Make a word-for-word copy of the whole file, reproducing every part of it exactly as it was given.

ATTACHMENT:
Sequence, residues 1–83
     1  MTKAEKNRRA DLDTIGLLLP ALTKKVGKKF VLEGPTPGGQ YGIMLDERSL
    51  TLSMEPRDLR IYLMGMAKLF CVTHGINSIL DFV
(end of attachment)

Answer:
Sequence, residues 1–83
     1  MTKAEKNRRA DLDTIGLLLP ALTKKVGKKF VLEGPTPGGQ YGIMLDERSL
    51  TLSMEPRDLR IYLMGMAKLF CVTHGINSIL DFV